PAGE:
Author + information
- Received April 12, 2019
- Accepted April 15, 2019
- Published online July 1, 2019.
- Emil L. Fosbøl, MD, PhDa,∗ (, )@Rigshospitalet@uni_copenhagen,
- Rasmus Rørth, MDa,
- Birgitte Pernille Leicht, MDb,
- Morten Schou, MD, PhDc,
- Mathew S. Maurer, MDd,
- Søren Lund Kristensen, MD, PhDe,
- Lars Kober, MD, DMSca and
- Finn Gustafsson, MD, PhD, DMSca
- aThe Heart Center, University Hospital of Copenhagen, Rigshospitalet, Copenhagen, DenmarkThe Heart Center, University Hospital of Copenhagen, Rigshospitalet, Copenhagen, Denmark
- bDepartment of Orthopedic Surgery, University Hospital of Copenhagen, Rigshospitalet, Copenhagen, DenmarkDepartment of Orthopedic Surgery, University Hospital of Copenhagen, Rigshospitalet, Copenhagen, Denmark
- cDepartment of Cardiology, Herlev and Gentofte University Hospital, Hellerup, DenmarkDepartment of Cardiology, Herlev and Gentofte University Hospital, Hellerup, Denmark
- dColumbia University Medical Center, New York, New YorkdColumbia University Medical Center, New York, New York
- eDepartment of Cardiology, Bispebjerg University Hospital, Copenhagen, DenmarkDepartment of Cardiology, Bispebjerg University Hospital, Copenhagen, Denmark
- ↵∗Address for correspondence:
Dr. Emil L. Fosbøl, The Heart Center, University Hospital of Copenhagen, Rigshospitalet, Blegdamsvej 8, 2100 KBH Ø, Copenhagen, Denmark.
Background Recent studies have suggested that transthyretin amyloidosis (ATTR) is a more common cause of heart failure (HF) than previously appreciated, and novel treatments for amyloidosis are emerging. About one-half of patients with ATTR cardiac amyloidosis have a history of carpal tunnel syndrome (CTS).
Objectives This study examined the risk of amyloidosis, HF, and other adverse cardiovascular outcomes associated with CTS relative to control subjects without CTS.
Methods Using Danish nationwide registries from 1996 to 2012, 56,032 patients were identified who underwent surgical treatment for CTS, and they were compared with a sex- and age-matched cohort (ratio 1:1) from the general population to examine their risk of amyloidosis, HF, and other adverse cardiovascular outcomes. Cumulative incidence curves and Cox proportional hazard models were used to assess differences.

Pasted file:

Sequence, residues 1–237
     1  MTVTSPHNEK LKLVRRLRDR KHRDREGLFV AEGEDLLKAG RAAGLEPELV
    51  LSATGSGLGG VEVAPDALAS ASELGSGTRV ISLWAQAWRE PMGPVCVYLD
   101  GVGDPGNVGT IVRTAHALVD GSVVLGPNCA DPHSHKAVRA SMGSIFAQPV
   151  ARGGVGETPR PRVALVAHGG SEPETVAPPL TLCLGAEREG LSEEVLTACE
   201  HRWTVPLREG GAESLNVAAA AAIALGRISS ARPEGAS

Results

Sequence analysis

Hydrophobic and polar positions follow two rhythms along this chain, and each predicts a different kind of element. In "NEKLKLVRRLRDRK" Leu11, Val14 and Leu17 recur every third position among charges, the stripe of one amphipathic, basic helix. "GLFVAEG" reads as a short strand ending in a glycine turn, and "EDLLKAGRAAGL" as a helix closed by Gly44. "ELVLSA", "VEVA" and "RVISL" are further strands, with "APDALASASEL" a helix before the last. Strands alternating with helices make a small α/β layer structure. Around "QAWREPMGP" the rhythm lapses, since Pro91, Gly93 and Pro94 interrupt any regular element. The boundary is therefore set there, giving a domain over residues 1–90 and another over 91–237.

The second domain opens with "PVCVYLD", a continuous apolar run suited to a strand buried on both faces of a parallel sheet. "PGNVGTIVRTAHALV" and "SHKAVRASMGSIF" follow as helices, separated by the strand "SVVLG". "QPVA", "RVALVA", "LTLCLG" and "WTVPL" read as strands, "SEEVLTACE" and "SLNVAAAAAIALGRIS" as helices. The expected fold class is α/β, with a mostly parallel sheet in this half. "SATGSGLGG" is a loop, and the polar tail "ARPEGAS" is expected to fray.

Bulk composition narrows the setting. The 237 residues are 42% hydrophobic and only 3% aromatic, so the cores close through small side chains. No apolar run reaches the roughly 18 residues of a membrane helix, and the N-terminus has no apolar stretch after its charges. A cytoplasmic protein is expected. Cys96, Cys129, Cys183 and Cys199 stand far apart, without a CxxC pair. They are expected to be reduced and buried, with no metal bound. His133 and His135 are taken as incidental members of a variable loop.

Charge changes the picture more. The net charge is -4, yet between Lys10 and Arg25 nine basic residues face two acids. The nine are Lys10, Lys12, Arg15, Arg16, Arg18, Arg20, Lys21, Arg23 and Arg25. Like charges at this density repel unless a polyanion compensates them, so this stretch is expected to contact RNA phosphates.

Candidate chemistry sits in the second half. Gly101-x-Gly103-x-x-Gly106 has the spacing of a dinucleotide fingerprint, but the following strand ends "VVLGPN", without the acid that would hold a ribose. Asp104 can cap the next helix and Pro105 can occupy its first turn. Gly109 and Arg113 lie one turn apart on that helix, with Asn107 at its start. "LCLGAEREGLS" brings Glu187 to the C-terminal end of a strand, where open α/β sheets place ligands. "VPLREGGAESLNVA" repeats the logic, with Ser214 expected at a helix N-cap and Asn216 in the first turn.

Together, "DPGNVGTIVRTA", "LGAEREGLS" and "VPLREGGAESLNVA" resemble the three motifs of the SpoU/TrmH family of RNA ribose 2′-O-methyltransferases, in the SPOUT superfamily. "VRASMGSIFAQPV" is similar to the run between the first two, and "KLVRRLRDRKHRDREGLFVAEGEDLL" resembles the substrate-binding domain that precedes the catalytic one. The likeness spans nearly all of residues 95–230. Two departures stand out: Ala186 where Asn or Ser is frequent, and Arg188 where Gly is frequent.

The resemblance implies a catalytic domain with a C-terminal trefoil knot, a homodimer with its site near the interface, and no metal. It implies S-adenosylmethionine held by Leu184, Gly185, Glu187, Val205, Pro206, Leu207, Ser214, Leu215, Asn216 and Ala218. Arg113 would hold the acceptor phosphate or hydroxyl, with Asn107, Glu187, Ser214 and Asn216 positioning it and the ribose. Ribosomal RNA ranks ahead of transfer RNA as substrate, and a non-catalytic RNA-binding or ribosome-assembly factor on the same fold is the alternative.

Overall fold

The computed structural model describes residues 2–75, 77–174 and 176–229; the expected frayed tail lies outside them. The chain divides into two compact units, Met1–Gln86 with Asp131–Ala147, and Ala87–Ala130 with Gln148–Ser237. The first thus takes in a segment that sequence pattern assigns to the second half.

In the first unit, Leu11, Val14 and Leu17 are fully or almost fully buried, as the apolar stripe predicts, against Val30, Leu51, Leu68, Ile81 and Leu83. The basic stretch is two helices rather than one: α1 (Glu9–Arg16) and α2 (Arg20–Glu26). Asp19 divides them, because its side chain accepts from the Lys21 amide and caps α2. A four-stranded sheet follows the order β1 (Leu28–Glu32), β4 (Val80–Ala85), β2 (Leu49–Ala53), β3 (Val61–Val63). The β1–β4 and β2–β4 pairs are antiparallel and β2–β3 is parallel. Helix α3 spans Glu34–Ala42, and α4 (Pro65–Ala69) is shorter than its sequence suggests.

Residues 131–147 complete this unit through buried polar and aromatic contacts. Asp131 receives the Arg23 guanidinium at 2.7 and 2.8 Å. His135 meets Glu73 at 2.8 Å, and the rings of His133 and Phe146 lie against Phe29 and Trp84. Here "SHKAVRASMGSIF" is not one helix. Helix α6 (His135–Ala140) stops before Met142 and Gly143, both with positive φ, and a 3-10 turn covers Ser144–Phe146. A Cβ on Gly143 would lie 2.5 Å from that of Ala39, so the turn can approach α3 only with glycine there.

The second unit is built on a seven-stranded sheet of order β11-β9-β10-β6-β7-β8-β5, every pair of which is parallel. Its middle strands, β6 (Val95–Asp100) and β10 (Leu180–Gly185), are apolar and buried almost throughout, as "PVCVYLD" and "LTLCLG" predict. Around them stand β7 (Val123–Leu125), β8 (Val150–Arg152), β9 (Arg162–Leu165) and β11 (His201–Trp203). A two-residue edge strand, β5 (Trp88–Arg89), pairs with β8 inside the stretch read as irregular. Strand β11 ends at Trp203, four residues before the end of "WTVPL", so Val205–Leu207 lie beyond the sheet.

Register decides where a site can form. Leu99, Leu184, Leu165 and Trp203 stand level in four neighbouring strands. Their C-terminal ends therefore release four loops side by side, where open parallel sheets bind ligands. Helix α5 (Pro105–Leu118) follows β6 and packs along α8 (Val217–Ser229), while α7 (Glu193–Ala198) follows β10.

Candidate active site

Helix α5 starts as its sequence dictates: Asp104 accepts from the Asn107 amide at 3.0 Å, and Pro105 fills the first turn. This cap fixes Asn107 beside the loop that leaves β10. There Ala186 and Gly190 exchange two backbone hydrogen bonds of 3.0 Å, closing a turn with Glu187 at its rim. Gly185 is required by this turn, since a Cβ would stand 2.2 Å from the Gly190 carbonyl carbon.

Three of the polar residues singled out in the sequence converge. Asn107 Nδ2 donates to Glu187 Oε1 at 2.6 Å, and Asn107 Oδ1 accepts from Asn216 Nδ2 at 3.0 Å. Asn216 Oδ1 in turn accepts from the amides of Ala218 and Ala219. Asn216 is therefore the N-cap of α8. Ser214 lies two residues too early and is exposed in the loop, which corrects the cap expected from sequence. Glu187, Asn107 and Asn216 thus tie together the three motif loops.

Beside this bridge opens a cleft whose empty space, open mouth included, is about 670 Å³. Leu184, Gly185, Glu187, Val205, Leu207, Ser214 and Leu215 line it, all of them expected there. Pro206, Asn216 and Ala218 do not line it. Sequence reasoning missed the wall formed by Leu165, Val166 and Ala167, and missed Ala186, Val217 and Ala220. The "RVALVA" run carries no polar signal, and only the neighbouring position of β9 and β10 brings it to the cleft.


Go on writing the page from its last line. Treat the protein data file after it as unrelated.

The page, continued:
Results As expected, CTS was associated with a future diagnosis of amyloidosis (hazard ratio: 12.12 [95% confidence interval: 4.37 to 33.60]). CTS was associated with a higher incidence of HF, and this held true in the adjusted analysis yielding a hazard ratio of 1.54 (95% confidence interval: 1.45 to 1.64). No significant interaction with sex was found (p = 0.5). Risk of other adverse outcomes was also associated with CTS (p < 0.0001 for atrial fibrillation, atrioventricular heart block, and pacemaker implantation).
Conclusions Patients who undergo surgical treatment for CTS are associated with a higher risk of amyloidosis and HF relative to matched control subjects from the general population. Other cardiovascular outcomes were also increased with CTS.
Dr. Maurer has served on the Advisory Board of Pfizer, Eidos, AKCEA, and Prothena; has served on the Steering Committee of Pfizer; has served as a consultant for Ionis; and has served on the Data and Safety Monitoring Board of Prothena. Dr. Gustafsson has served as an advisor to Pfizer, Corvia (unpaid), and Abbott; has served as a speaker for Novartis, Abbott Orion Pharma, and Boehringer Ingelheim; and has served as an investigator for Novartis. All other authors have reported that they have no relationships relevant to the contents of this paper to disclose.
Listen to this manuscript's audio summary by Editor-in-Chief Dr. Valentin Fuster on JACC.org.
- Received April 12, 2019.
- Accepted April 15, 2019.
- 2019 American College of Cardiology Foundation
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